Example: We wanted to see if changing the button copy would have an effect on conversions as well as button color, so we ran a full factorial multivariate test.
Funnel Testing |ˈfənl,test|
1. An experiment that includes more than one page of a website.
2. This method can be used to test an e-commerce checkout flow, multistep sign up or any other multipage process.
Synonyms: Multipage testing
Example: In addition to making our “add to cart” button green, we created a funnel test to make changes to each page of the checkout funnel.
1. The opinion of the highest paid person. This often takes precedent over other valuable opinions within an organization and is best avoided by collecting data to support business decisions.
Synonyms: Highest paid person’s opinion
Example: Our CMO was sure that our visitors would love the redesign, but ultimately it decreased conversions by 10%. We realized that we should have tested the design before going with the Hi.P.P.O.
M.U.V |em, yo͞o, vē|noun
1. The number of individual people who visit a website each month. This differs from monthly site visits in that each visitor is counted only once, regardless of how many times they visit a page. This is important in testing because each person should only be counted once in an experiment. Also, each visitor should see a consistent variation each time they return to a site while a test is running.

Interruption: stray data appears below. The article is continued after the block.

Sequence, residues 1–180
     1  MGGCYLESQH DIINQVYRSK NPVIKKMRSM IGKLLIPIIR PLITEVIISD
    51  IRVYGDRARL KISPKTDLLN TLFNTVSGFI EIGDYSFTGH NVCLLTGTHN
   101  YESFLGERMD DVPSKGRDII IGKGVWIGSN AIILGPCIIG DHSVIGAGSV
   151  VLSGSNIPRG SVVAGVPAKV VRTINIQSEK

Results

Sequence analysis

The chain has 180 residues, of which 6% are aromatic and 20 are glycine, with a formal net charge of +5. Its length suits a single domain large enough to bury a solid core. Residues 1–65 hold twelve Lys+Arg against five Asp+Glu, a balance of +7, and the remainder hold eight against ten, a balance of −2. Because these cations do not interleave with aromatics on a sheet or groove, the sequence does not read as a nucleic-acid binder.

Synonyms: Monthly Unique Visitors
Example: We saw statistical significance after running 5,000 M.U.Vs through our checkout funnel experiment.
Primary Conversion |ˈprīˌmerē kənˈvərZHən|noun
1. The most ideal action that a visitor can initially take on a site. For an eCommerce site this would be the “Add to Cart” button. For a subscription site, this would be a “Sign-up Now” button.
Synonyms: Primary call to action, primary goal
Example: In order to make out primary conversion stand out, we changed the button color to green and moved it higher on the page.
Secondary Conversion |ˈsekənˌderē kənˈvərZHən|noun
1. The next best action a visitor can take if they are not yet ready to click on the primary call to action. For an eCommerce site this could be viewing product details or for a subscription site this could be requesting more information.
Synonyms: Secondary call to action, Secondary goal